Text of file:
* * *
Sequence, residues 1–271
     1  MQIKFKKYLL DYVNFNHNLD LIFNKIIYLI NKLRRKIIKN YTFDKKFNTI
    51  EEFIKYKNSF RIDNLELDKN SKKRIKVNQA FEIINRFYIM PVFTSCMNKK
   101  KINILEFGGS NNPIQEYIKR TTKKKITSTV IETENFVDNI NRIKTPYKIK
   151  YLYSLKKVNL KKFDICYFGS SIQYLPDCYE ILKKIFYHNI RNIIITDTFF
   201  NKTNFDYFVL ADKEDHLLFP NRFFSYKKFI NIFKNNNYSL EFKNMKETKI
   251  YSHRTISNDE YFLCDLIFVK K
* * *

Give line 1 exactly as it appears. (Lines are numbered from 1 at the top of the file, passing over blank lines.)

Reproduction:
Sequence, residues 1–271